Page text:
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Top 5 Ways Travel Changed Me

Wednesday, August 3, 2011

We interrupt our jungle adventure to bring you a new feature, Top Lists. The first one I want to share with y’all is something that’s been bubbling up since we landed in the US.  It’s been 6 weeks since we returned, and I’ve had some time to reflect on how I feel now, being home, that’s different from before we started our journey.

Top 5 Ways Travel Changed Me

  1. Confidence. I thought I had plenty of confidence, having worked for many years at a world-renowned corporation on high-level projects with A-list talent, powerful producers and directors. But after 9 weeks of walking into any number of strange situations, in places I had never been and knew no one, and where I could only speak a few words of the language, my confidence has grown in spades. Going back to LA after my South American trip feels like returning as a different person. I can go anywhere and do anything, and I will be fine. It’s an amazing feeling.
  2. Sleep Skills. I used to be finicky about sleeping on different pillows and mattresses, unable to have a good night’s sleep if I was in a new setting. Now, you give me a place to lie down horizontal – or nearly so – and I am out. On our trip we slept in tents, on buses, hostel bunk beds, fancy beds, airplanes, you name it, and much of the time we were at altitudes ranging from 6,000 to 14,000 feet.
  3. Adventurous Eating.This one is obvious, right? Okay, I may not have tried everything (those whole fried guinea pigs in Peru just did not look appetizing to me) but I did learn that usually the most delicious and affordable meals came from a cart on the street, or the woman carrying a bucket of her special dish, or a tiny bakery case. It opened my eyes to a whole level of food supply that exists in the US, too: freshly made juices, pastries, tacos and more, if you’re open to stopping the street vendor and inquiring, “¿Qué es eso?”  (“What is that?”)
  4. Alternative Transport, or, Can Your Bulldozer Take us Across the River? I’ve learned that there is always more than one way to get somewhere, and that the US mentality of either driving yourself in your own car, or flying, is usually not the most efficient and affordable way to get somewhere in South America. We took large buses, small buses, fast buses, slow buses; horses, boats, ferries, taxis, vans, and generously offered private car rides; subways, elevated trains, tram cars, funiculars, and yes, even a bulldozer, to get to where we were going. And you know what? We always got to our desired destination. Though using public transport may have sometimes taken longer than the guidebook-recommended tour bus or rental car, we got to see typical South American life from the perspective of the majority of its residents… and that’s what travel is all about.
  5. Open Heart. Sure, it’s easy enough to say, you like a place or a people or a region, if you haven’t been there; to watch a documentary on TV and think, “Wow, Argentina sure looks nice.” I’ve always considered myself open-minded and open-hearted to the places and people of the world. But there’s nothing like being there to truly be awakened. My heart has expanded and grown. Forever part of me now: the vastness of Argentina. The people of Peru. The lush green lands of Colombia. And all those places in between where we have not yet wandered. Ever more open, ever more ready to expand and encompass the whole of the world.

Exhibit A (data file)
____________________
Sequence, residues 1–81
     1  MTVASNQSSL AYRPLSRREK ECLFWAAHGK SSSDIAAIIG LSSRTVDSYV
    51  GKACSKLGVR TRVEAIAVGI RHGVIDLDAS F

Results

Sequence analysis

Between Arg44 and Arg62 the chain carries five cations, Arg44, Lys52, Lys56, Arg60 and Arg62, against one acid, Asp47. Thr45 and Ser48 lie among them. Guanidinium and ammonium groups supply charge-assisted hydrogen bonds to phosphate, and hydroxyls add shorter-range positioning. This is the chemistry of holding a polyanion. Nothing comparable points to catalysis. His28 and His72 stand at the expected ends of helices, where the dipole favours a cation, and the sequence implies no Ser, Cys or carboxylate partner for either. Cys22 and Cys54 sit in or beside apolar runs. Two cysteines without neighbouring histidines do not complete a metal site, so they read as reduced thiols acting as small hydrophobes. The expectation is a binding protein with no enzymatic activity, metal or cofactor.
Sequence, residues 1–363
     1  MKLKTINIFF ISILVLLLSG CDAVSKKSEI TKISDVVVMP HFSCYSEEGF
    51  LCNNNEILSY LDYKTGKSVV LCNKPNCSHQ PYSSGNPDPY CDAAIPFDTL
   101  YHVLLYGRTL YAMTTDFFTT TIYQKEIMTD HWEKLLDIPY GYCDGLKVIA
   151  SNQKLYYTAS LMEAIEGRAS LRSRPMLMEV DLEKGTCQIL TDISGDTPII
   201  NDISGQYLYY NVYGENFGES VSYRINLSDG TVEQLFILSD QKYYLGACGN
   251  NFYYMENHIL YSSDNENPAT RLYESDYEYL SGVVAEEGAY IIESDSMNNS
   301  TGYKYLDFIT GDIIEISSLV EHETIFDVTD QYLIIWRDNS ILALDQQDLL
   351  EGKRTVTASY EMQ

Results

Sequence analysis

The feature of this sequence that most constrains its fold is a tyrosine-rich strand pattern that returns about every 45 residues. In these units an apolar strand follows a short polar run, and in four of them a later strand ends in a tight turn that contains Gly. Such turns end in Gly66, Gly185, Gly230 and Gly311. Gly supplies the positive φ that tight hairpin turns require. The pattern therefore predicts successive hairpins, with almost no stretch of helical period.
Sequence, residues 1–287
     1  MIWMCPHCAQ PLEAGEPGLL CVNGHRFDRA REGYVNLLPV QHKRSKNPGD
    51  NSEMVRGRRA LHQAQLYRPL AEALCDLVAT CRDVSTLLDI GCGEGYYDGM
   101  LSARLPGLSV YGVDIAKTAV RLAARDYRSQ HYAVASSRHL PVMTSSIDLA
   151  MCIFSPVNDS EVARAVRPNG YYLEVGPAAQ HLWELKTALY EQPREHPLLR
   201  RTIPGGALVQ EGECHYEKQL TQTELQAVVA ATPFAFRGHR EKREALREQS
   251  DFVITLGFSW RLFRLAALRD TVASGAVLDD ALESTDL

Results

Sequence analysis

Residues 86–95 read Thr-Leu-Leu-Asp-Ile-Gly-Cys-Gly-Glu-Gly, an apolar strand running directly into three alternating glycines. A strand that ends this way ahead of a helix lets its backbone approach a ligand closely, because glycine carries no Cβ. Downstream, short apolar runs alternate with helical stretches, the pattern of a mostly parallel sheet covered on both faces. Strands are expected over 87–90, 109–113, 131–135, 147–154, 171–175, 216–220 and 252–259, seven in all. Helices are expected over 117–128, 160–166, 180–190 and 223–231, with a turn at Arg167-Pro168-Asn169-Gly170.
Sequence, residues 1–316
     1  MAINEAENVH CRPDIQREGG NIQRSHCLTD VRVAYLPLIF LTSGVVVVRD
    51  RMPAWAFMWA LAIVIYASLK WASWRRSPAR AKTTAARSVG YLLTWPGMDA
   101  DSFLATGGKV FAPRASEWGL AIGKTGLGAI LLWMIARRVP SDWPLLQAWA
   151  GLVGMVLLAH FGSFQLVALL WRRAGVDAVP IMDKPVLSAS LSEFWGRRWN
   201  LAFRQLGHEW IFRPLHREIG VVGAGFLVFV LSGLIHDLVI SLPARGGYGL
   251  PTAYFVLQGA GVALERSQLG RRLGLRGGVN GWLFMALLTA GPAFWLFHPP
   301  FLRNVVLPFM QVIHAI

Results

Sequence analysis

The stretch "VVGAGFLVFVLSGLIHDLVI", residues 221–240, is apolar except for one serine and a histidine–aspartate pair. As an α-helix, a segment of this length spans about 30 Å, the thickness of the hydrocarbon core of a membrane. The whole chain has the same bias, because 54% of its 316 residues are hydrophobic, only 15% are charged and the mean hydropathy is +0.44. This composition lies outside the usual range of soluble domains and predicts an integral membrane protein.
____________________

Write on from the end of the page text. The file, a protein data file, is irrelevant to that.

In what ways has travel changed you? I’d love to hear your thoughts in the comments!

3 Comments leave one →
  1. Wednesday, August 3, 2011 10:49 am

    I identify with all of the above. Except the bulldozer! Haven’t tried that one yet!
    Not knowing the language is very humbling. People warned us about Parisians being surly and unfriendly, esp. because we barely speak any French. We’ve been twice now, and found this to be true 1 in 10 times. And then there’s the attitude of New Yorkers… we rarely have rude experiences in NYC either. I’m sure they’re there; they’re everywhere. But… I think that opens hearts go a long ways to reaching people. 😉 We like Rick Steve’s motto: become a temporary local. (except for the guinea pigs, I’m with you on that).

    Travel is definitely a confidence builder. It expands perspective amazingly. I can’t wait to hear your stories!
    ~Shephard 🙂

  2. Marina permalink
    Wednesday, August 3, 2011 11:35 am

    I agree with all that. I would also add patience. Long-term travel definitely teaches patience and a go-with-the-flow attitude, which are not typically American traits. 🙂 We started our trip in Africa, where locals actually use the phrase “hakuna matata” quite often (non-ironically), and it helped define our perspective on things.I also got much better about approaching and befriending locals the more we traveled. It intimidated me at first, but then I realized that all our best experiences happened when we got to have a good conversation with a local, so we started seeking that out more and more.

    • Kristen permalink*
      Wednesday, August 3, 2011 11:46 am

      Marina, you are so right! The Colombian equivalent (which you probably heard a ton) is “Tranquillo,” basically, “Chill,” and you are pretty much forced to go at the pace of the locals… which isn’t a bad thing! It’s been strange to come home and have the bill dropped off at a restaurant while you are still eating, after weeks of practically having to hunt down someone in order to pay after your hours-long meal in S.America. And meeting locals – yes – you are right, it took us a while to talk to people in some places, but those are the people I most remember!

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